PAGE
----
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Re: Gradients in CSS3?

From: Slalomsk8er <slalomsk8er@solnet.ch>
Date: Tue, 16 Aug 2005 01:33:49 +0200
Message-ID: <4301265D.8020709@solnet.ch>
To: www-style@w3.org

Laurens Holst wrote:

>
> Matthew Raymond wrote:
>
>> Ben Ward wrote:
>>  
>> | background-color: blue;
>> | background-color: gradient(blue, red, 90deg);
>>   
>
>
> The cascading can in theory make it degrade well as Matthew pointed
> out, but: will authors specify a fallback colour? For every author
> that doesn’t, the page is probably impossible or very hard to use on
> browsers that don’t support those gradients. So, the syntax would at
> least need to inherently provide a fallback, like:
>
> background-color: blue;
> background-color-gradient-to: top-bottom red;
>
> Because of the above mentioned reason, this is a better syntax than
> gradient().
>
> Of course, this doesn’t necessarily prevent a gradient colour function
> from appearing in CSS, but they are certainly not arguments in favour,
> and show that even a thing that seems so simple needs to be thought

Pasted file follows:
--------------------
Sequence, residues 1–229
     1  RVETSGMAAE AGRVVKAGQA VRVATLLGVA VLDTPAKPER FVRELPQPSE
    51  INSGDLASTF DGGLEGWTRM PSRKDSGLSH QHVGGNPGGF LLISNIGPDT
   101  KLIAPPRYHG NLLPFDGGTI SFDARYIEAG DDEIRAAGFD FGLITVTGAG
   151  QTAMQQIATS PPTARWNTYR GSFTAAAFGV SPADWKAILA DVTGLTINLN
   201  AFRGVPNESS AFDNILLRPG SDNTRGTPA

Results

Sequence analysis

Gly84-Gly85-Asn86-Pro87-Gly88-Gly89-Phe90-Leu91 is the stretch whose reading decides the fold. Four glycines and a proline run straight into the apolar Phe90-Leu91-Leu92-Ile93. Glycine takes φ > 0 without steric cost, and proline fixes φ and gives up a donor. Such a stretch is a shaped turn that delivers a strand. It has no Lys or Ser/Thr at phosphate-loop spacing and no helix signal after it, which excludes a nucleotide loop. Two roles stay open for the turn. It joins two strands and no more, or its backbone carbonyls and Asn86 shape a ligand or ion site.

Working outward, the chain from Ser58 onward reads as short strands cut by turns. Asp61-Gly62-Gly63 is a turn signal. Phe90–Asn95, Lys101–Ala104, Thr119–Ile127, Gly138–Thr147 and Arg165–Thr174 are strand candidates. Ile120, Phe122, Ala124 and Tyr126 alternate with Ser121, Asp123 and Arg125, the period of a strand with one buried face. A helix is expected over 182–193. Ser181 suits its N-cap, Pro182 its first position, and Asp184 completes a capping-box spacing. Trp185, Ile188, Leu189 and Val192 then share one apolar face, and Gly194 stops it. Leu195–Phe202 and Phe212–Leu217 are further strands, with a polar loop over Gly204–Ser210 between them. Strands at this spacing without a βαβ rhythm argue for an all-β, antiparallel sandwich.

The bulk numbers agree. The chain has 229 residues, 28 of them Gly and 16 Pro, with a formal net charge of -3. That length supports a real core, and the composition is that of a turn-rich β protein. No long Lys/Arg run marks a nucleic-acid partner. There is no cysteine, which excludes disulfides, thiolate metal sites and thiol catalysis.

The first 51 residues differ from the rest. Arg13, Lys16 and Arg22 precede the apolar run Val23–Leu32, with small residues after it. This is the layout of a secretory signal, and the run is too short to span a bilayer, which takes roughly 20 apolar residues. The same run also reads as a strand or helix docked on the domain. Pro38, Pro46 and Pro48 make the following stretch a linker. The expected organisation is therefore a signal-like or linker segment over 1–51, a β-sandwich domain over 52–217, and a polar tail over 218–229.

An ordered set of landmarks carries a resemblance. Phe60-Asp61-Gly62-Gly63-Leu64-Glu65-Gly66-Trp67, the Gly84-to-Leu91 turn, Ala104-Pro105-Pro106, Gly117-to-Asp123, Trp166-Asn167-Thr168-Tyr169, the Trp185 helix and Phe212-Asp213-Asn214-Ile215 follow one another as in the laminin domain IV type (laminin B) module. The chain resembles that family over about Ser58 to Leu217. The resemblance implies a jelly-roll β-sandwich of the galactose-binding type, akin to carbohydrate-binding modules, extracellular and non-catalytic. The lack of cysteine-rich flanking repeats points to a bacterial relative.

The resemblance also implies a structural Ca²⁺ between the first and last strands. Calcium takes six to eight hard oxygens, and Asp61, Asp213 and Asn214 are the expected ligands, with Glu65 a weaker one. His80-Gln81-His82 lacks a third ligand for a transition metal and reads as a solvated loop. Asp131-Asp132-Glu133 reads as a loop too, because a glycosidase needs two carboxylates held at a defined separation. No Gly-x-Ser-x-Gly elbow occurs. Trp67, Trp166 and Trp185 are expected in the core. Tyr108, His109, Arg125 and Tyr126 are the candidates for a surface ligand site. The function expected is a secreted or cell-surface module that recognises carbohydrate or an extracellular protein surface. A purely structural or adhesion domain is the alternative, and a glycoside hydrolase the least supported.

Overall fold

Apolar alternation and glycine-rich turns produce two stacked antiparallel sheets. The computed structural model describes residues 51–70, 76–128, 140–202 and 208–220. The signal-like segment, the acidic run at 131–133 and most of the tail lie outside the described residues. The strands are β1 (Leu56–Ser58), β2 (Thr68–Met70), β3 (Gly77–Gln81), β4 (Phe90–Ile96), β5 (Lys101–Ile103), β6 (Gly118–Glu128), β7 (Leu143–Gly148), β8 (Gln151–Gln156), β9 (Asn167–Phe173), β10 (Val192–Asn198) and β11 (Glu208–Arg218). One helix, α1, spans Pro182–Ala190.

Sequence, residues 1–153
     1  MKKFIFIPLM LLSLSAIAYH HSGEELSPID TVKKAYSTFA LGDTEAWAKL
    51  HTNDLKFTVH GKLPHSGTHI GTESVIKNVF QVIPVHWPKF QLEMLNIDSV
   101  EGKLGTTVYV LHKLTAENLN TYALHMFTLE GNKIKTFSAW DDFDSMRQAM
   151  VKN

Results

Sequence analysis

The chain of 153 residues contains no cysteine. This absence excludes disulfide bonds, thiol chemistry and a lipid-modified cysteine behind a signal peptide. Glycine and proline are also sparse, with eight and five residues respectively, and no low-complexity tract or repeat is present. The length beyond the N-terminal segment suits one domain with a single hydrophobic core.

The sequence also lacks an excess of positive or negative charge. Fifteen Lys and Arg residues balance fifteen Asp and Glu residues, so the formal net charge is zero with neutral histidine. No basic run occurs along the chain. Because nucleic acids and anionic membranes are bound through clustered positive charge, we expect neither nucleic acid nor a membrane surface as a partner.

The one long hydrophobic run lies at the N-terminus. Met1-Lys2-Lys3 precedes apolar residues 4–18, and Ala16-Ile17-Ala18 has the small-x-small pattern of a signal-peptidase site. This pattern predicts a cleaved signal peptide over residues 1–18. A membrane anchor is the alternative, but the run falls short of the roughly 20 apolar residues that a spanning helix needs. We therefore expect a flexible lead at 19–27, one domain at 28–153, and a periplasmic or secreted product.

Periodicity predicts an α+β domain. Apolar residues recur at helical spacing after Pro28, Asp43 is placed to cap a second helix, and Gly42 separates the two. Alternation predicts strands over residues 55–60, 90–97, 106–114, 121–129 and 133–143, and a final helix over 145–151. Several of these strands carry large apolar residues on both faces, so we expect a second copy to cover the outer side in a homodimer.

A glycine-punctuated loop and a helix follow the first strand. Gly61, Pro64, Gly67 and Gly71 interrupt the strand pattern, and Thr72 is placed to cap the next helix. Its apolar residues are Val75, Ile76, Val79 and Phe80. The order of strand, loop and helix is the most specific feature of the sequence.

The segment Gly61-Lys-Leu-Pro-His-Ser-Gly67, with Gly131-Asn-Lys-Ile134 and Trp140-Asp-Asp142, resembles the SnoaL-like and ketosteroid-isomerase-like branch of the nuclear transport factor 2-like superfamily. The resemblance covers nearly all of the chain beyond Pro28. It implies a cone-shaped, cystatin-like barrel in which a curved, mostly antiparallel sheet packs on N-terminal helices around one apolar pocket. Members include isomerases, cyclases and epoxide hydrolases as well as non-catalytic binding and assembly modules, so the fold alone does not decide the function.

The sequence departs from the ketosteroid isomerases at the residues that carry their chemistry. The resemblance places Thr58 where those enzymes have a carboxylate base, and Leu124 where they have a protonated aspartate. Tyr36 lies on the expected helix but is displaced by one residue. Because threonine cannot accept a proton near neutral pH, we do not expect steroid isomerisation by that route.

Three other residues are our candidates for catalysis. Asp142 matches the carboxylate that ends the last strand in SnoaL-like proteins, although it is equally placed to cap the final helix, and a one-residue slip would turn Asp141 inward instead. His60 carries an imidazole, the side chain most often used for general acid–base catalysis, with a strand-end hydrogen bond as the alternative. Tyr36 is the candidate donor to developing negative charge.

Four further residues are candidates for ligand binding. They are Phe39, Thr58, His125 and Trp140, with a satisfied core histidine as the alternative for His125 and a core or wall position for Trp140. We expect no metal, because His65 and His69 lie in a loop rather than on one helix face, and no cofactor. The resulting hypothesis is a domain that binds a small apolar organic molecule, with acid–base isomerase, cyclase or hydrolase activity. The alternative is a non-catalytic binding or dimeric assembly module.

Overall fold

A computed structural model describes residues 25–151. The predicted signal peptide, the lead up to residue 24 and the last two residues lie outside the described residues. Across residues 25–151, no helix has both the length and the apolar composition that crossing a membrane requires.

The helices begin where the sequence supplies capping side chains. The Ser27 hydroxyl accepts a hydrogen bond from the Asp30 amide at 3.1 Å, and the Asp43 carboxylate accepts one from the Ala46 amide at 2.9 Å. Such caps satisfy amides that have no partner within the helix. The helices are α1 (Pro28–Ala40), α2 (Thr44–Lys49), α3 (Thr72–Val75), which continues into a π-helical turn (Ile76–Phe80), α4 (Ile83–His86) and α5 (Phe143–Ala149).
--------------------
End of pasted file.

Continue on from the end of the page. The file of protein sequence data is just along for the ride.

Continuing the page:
> out thoroughly...
>
>
> ~Grauw

I don't think this is needed as the background-colors default is
|transparent so it will look like a "normal" box but if you are a
webmaster and do a gradient not from or to transparent, then I hope you
did set a |background-color like Ben wrote. But where is the problem? As
long as the content can be read and the page does not look like in a
candyshop (this can happen with background-color-gradient-to:) it does
not bother me.

With background-color: blue; background-color-gradient-to: top-bottom
red; how can I get it to look clean (background-color: |transparent;|)
if the browser fails know the gradient? It is a design nightmare if the
background-color is always part of the gradient!


Dominik
Received on Monday, 15 August 2005 21:33:40 GMT

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